➡ ABOUT THE AUTHORS: Ed Maciorowski is the co-founder and co-owner of BrickPicker.com. He has been a LEGO collector since 1973, when his parents gave him his first set (710 Wrecker with Car). Ed is now an investor as well, with over 6,000 sets in his collection and a current market value well into the six figures. He and his brother, Jeff, got the idea to create the online LEGO price and investing guide after Ed discovered that a #10179 Millennium Falcon set he bought for $399 was selling for $800-$1,200 on eBay two years later. The price for that set is now nearly $4,000. Ed also is a regular contributor in the LEGO-themed magazine, BLOCKS.
Jeff Maciorowski is the co-founder and co-owner of BrickPicker.com. He is a senior website engineer for a $40 million market research company and specializes in multiple web technologies, including Cold Fusion, jQuery, Oracle, and mySQL. Jeff built Brickpicker.com from the ground up and it is now the third busiest LEGO-themed website in the world that attracts over five million visitors annually. The site has been featured in the USA Today and other digital media outlets (BBC.com, Wired.com). Jeff is also the creator of the recently launched BrickClassifeds.com website, a cost-effective secondary LEGO marketplace.
I know that the history lesson on LEGO investing was a bit long-winded (I tried to make it as short and concise as possible), but I felt it was necessary to impress upon you why this book is so essential, if you want to play in the LEGO reselling and investing field. As I said, money can still be made, and the LEGO market will likely continue to expand, but the game is tighter and less forgiving, so having expert guidance can save you from making costly mistakes. Which brings us to the question…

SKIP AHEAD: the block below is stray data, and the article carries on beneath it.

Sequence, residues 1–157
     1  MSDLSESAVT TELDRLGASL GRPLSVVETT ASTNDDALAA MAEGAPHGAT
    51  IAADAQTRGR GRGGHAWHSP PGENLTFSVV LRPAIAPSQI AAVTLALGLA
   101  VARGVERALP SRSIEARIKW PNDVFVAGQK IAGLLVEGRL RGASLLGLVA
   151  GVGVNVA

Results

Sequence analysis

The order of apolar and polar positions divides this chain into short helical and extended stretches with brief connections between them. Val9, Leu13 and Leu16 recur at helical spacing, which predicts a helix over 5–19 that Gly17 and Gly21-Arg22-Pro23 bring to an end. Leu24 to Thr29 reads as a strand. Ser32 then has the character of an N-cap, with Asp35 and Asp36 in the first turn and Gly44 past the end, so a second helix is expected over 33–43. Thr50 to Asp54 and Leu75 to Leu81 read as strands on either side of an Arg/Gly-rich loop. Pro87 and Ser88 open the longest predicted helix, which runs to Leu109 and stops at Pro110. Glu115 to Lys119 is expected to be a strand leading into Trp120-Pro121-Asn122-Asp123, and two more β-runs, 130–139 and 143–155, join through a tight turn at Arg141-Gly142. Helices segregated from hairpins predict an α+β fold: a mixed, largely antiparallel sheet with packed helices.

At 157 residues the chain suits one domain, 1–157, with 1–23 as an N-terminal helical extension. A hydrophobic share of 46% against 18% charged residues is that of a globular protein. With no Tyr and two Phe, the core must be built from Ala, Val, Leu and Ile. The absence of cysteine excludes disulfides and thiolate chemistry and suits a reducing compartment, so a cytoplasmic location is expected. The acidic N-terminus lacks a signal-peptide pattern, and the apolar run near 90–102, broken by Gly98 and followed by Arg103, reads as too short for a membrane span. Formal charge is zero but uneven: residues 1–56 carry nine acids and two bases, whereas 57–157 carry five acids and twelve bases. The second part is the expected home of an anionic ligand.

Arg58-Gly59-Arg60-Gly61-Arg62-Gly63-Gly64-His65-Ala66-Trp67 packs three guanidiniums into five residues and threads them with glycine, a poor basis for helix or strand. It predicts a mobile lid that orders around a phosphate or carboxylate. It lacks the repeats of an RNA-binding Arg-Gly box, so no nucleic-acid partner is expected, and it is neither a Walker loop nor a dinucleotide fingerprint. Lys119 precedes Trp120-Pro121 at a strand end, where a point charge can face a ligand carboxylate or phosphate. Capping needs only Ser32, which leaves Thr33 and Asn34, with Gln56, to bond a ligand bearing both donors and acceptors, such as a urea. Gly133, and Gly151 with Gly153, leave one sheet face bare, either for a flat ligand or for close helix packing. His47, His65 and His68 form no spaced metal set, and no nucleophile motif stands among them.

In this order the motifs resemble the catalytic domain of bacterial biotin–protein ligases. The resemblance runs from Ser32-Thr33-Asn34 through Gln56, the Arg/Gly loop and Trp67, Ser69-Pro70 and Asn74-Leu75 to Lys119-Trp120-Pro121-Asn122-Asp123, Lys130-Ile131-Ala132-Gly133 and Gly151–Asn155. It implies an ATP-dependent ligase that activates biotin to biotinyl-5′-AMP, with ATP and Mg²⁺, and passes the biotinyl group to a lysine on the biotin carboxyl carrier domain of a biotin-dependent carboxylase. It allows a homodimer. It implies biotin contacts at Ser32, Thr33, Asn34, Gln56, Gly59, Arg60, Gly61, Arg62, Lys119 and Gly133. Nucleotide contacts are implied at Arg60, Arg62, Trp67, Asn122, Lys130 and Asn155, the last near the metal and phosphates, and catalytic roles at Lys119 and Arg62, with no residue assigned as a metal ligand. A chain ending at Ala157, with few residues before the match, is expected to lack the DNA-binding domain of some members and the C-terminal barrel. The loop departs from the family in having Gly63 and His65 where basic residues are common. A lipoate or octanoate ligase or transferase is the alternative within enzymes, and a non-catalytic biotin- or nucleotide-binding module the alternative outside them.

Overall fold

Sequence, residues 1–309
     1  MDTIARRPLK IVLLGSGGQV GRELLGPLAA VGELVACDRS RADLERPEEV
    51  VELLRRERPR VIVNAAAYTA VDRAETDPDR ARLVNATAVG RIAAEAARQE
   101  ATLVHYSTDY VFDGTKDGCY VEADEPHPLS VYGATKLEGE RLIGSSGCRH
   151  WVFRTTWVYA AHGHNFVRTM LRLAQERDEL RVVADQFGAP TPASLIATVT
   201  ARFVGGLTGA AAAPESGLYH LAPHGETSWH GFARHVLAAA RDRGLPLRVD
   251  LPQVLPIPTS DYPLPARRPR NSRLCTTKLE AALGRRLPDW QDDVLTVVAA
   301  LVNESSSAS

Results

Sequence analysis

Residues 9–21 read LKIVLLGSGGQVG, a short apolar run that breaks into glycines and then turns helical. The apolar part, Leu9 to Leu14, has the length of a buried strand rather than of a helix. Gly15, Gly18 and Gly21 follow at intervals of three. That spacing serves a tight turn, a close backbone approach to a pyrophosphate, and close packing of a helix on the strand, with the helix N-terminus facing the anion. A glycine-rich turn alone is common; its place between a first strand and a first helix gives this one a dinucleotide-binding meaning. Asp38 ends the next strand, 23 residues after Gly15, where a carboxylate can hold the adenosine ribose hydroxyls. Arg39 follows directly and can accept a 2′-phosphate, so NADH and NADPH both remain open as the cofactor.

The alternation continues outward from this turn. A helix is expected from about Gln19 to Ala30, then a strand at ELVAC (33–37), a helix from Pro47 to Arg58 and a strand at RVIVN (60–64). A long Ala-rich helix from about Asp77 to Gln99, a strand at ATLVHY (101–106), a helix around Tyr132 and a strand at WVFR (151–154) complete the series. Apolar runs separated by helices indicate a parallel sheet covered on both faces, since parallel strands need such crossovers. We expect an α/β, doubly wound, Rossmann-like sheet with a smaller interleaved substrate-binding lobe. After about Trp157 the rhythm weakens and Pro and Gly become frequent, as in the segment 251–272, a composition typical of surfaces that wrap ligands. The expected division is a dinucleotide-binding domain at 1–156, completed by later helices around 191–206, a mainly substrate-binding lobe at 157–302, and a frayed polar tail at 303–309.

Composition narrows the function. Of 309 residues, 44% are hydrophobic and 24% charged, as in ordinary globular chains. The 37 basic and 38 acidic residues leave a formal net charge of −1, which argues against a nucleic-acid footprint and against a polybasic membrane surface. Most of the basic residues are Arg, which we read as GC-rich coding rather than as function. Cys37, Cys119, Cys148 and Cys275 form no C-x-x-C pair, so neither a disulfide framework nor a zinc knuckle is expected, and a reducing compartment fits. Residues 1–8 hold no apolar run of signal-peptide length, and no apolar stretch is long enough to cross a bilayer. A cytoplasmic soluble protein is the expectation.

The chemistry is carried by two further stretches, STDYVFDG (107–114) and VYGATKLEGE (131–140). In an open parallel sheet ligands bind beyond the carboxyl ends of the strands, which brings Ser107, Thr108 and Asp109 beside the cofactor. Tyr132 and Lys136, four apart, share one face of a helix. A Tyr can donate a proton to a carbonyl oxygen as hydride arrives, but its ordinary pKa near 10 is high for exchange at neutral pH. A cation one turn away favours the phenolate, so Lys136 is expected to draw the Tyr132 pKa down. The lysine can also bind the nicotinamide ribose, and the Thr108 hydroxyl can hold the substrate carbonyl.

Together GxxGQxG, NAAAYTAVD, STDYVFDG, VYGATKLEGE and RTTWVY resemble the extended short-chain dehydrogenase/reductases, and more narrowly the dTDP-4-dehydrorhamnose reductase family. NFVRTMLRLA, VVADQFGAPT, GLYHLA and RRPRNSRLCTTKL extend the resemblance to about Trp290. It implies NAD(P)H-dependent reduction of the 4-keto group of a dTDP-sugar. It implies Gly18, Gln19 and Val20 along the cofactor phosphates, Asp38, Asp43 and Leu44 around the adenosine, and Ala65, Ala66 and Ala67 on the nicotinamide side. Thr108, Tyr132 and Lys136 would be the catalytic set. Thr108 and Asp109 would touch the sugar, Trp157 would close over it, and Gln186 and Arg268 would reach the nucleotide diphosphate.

➡ WHO THIS BOOK IS FOR: If you don’t want to get deeply into LEGO investing, but you have some old LEGO sets in the attic or garage you would like to get rid off, this book is for you. It will maximize your chances of getting a fair price for your collection by using the Price Guide and other data…
If you are into LEGO’s history this book is for you also. The Ultimate Guide to Collectible LEGO Sets is much more than just a dry investment book with charts and numbers. It is divided up by chapters of all major and even some minor LEGO themes, and goes into detail about their history. The focus is on LEGO themes and sets that have been performing well price-wise on the secondary market, but examples are also given on themes that didn’t do well. It is a fascinating read…
If you would like to sell LEGO to support your hobby with quick flips, or if you would like to invest in LEGO for the long term, this book is a must. Through examples it will teach you how to spot winners and how to avoid losers, and in general become a savvy LEGO investor. The book has a mix of a narrative style so it is an interesting read, while also providing facts and numbers to look up the value of a particular set quickly…
And if you are looking for older LEGO sets that you missed out on, this book can guide you on what is the fair market value of those sets. You can also use the book to find bargains on retired LEGO sets that didn’t perform well as an investment and now investors want to get rid off.
➡ HOW THE BOOK IS ORGANIZED: The Ultimate Guide to Collectible LEGO Sets is divided into chapters by major LEGO themes. Each chapter starts with an overview of the theme, particularly from the view of its investment value. Then on the following pages several examples are given from that theme. The best performing sets are analyzed in detail to give you an understanding of why they are good investments. And there are also examples of themes that haven’t been doing well on the secondary market, and these are analyzed as well. This is particularly important because new LEGO sets are constantly being produced while older ones are retired, and learning how to evaluate them is an important skill. 200 pages of the book are dedicated to analyzing LEGO themes and sets in this fashion
The last 50 pages of the book contain the Price Guide, which is based on sold auctions on eBay, just like on the BrickPicker.com website. Not all LEGO sets are included in the book version of the Price Guide because that would be a list of over 10,000 sets, however all the major LEGO themes are listed along with the important sets within that theme. The book version of the Price Guide is an excellent quick reference, and to get the most up-to-date information you can visit BrickPicker.com.